On September 13, 2014, the Hari Sharma Foundation in association with a number of arts and cultural groups, presented the conference, “Spirituality, Humanity and the Marginalized: The Sufi Legacy in South Asia” and a musical concert “Songs of Waris Shah, Bulleh Shah, Kabir, Lalon Fakir and Rabindranath Tagore.”

One of the musical highlights was the husband-wife team from Bangladesh, Farida Parveen (on voice and harmonium) and Ghazi Abdul Hakim (on flute). Ghazi on the bamboo flute turned music into poetry, filling the concert hall with the colour of Bengal, taking us beyond the streams and paddy fields.

Farida Parveen sang the songs of Lalon Fakir with a gusto and a tenderness in her earthy tones. The concert also featured Enakshi Chatterjee from Calcutta who opened with songs of Tagore and Madan Gopal Singh from Delhi who sang songs of Sultan Bahu and Bulleh Shah and others.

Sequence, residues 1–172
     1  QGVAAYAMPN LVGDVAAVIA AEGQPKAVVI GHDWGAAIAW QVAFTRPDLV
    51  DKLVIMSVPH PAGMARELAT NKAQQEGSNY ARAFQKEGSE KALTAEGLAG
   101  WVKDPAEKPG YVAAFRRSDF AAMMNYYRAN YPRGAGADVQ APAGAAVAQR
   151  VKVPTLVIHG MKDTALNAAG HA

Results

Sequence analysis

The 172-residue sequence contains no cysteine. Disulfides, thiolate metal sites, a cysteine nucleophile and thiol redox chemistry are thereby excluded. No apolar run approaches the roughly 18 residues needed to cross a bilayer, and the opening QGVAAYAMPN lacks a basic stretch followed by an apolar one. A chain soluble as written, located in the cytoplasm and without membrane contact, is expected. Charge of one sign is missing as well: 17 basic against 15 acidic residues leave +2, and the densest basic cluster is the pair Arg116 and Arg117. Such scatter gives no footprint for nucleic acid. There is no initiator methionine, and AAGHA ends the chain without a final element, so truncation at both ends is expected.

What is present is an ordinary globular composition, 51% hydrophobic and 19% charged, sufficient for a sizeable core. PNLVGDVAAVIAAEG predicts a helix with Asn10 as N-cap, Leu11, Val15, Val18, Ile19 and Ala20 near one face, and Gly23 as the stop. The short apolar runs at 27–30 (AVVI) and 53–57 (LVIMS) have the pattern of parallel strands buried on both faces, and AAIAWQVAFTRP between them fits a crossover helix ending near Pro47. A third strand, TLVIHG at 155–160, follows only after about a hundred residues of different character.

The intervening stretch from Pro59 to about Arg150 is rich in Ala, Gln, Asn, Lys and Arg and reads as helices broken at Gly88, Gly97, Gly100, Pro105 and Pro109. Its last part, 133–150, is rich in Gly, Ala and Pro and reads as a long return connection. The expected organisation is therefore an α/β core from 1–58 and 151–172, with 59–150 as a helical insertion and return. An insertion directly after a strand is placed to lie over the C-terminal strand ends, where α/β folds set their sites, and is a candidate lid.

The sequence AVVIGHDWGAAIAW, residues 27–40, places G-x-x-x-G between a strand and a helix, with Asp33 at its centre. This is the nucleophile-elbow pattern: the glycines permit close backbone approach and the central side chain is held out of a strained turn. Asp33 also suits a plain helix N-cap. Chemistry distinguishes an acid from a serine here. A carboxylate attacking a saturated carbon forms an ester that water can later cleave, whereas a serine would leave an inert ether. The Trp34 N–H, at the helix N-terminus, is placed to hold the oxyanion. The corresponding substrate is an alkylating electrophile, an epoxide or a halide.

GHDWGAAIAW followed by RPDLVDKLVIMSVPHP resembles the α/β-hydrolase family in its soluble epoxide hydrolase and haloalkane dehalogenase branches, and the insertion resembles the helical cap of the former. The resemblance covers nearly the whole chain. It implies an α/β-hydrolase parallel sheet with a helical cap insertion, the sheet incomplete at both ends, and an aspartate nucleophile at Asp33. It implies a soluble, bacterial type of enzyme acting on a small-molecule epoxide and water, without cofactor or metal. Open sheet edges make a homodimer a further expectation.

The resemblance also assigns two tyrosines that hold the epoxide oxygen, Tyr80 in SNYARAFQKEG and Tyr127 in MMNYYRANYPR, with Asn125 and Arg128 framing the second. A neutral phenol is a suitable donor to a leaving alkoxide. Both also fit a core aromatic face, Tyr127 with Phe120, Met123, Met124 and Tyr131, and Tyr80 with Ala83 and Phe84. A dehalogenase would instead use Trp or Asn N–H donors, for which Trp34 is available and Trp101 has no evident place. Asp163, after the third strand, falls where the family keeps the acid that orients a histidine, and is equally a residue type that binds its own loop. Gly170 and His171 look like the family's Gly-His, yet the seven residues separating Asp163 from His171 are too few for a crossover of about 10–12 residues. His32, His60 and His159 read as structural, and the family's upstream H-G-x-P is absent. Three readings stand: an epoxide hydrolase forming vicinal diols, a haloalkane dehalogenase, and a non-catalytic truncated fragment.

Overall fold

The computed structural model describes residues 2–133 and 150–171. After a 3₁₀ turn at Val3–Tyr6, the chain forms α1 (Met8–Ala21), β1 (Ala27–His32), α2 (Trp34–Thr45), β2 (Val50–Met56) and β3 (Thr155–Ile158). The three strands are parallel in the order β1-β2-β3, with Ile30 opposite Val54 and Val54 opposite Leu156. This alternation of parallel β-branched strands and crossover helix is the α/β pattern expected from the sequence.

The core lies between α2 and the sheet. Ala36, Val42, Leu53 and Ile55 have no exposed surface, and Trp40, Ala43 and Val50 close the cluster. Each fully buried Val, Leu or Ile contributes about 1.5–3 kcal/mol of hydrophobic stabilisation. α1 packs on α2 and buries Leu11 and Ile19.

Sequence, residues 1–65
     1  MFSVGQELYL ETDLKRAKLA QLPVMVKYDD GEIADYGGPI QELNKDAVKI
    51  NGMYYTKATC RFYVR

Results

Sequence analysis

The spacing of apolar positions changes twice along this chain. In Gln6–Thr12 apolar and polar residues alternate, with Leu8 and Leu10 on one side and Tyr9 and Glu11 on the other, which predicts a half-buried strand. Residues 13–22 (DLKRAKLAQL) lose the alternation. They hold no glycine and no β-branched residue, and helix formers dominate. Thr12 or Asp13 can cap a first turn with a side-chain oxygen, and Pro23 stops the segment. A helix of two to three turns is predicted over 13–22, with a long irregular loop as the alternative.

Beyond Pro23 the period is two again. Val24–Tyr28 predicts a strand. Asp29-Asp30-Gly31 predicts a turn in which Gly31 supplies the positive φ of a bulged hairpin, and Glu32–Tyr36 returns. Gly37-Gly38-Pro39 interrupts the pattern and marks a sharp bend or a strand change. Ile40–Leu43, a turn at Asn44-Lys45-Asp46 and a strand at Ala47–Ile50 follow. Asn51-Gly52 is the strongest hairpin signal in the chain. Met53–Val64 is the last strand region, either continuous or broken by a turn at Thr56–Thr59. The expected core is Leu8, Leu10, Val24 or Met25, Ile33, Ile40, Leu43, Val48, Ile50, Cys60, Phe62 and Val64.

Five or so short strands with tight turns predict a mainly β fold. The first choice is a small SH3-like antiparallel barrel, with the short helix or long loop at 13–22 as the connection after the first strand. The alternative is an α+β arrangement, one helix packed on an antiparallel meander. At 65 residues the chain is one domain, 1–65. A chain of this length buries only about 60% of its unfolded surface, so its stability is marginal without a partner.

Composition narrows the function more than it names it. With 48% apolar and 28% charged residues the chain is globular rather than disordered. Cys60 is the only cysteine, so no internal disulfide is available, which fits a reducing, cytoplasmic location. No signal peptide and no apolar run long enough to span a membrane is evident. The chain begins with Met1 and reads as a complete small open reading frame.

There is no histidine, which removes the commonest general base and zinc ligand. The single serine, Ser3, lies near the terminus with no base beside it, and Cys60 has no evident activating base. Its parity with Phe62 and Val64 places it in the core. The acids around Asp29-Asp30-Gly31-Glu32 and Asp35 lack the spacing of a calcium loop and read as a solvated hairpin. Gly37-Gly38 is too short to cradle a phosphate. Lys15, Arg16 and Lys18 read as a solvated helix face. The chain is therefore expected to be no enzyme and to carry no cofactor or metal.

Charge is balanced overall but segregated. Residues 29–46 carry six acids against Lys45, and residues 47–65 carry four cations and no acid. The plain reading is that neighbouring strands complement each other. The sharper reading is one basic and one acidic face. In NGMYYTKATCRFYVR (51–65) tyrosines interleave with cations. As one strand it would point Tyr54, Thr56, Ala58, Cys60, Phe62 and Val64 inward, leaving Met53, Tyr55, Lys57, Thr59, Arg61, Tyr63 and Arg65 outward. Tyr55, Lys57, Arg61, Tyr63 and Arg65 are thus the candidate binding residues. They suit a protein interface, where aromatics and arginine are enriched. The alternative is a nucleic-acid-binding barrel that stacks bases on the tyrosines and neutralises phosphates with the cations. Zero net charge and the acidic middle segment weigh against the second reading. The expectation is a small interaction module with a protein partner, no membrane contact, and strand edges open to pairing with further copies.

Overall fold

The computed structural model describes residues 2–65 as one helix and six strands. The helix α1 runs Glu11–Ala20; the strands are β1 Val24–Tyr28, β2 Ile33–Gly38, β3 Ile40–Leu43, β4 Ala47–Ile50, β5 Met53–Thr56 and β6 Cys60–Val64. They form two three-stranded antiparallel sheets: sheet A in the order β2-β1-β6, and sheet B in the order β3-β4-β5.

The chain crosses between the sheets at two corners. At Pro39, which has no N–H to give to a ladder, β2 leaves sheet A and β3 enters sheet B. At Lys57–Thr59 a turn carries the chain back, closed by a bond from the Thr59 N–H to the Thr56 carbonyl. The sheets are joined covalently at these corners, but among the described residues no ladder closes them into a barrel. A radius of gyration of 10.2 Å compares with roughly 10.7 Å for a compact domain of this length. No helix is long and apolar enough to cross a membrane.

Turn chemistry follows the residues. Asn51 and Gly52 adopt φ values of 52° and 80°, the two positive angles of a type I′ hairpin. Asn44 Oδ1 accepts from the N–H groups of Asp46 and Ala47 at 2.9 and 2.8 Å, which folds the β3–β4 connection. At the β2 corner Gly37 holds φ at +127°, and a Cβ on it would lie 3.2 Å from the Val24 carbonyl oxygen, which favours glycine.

The highlight of the conference was Dr. Nile Green (UCLA) and the ensuing discussion. Green’s presentation, “Mazaars for the Marginalized” underlined the pluralistic, cosmopolitan dimensions of Sufism, of its journey across trade routes by caravans from Khurasan eastwards to Turkey and southwards through the Khyber Pass into Hindustan.

That plural and cosmopolitan spirit, Green spoke, is heard in the tradition of Sufi poetry and music which filtered into India from Khurason. It is in words like “Auliya” (Arabic), “Pir” (Persian) and “Baba”(Turkish), epiphets for Sufi masters and in the shajars (genealogical trees) of Sufis tracing their ancestry to Samarkand or the Hejaz. Sufi shrines included Greek Christians in Turkey as they did Hindus in India.

The appeal of Sufism to the marginalized according to Green was in its creation of a space where social power was redistributed more evenly. Sufis also acted as important intermediaries between the ruler and the common man in economic, political and legal matters and Sufi institutions provided food and medical care to the poor.